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Jessica Williams: Jessica’s Blues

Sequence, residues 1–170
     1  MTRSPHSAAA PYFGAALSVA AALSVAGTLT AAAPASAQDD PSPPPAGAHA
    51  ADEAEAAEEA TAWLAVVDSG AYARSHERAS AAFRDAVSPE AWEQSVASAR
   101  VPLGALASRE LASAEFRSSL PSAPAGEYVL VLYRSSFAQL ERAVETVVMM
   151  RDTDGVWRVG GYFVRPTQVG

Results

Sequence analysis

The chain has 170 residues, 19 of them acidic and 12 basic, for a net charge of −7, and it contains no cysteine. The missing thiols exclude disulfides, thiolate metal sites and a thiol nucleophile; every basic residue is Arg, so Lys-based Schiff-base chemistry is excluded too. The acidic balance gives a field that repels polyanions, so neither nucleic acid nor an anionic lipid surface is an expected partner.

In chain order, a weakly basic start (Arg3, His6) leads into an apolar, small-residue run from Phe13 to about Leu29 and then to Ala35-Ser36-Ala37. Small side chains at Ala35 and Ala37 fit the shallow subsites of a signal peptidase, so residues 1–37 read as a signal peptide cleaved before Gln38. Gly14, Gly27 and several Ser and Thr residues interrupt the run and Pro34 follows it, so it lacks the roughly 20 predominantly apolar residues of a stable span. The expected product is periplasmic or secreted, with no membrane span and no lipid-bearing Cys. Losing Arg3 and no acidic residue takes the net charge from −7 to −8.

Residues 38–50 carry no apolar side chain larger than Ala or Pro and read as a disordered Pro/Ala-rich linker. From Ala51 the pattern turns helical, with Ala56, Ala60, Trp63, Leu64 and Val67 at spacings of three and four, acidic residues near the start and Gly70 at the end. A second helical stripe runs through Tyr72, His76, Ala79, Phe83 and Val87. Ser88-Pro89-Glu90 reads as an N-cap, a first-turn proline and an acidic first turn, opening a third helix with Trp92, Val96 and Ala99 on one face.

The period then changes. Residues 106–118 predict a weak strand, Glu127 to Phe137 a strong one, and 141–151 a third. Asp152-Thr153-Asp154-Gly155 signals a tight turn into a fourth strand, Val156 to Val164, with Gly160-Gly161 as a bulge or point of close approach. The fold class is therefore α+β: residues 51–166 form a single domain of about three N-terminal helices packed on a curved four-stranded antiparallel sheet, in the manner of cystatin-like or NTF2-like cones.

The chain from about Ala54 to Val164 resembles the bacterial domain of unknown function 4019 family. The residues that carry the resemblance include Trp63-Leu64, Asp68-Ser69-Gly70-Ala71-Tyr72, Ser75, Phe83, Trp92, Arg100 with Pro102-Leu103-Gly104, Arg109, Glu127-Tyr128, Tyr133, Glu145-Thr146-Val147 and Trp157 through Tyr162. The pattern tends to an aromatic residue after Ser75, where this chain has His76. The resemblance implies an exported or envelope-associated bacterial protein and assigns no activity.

Not many people can evoke Garner, Duke, Garland, Silver, Monk, Tyner and even Randy Weston or Cecil Taylor in the course of one session. Few indeed can take basic aspects of these great stylists, say “watch what we can do with this” and go somewhere the original creator never went. Picasso’s “Good artists imitate-great ones steal” maxim certainly comes to mind but I don’t want to apply a term that leads us towards hype and away from seeing this woman’s substantial achievements. Time and again she sets up an obvious reference point, Monk, say, or Tyner, and after having you admire how well it’s been done, which is really all you can ask of a mainstream approach, she gets you to say, “Damn-McCoy didn’t think of doing those subtle dynamic things that way” or “Even Monk wouldn’t play a phrase that twisted.” This is a very brave kind of originality that deserves hearing, especially when combined with a fine compositional and arranging sense, humor, and a shot of sheer rambunctiousness. Jay Thomas is convincing on trumpet and even better on tenor, and Jeff Johnson and Mel Brown are exemplary on rhythm.

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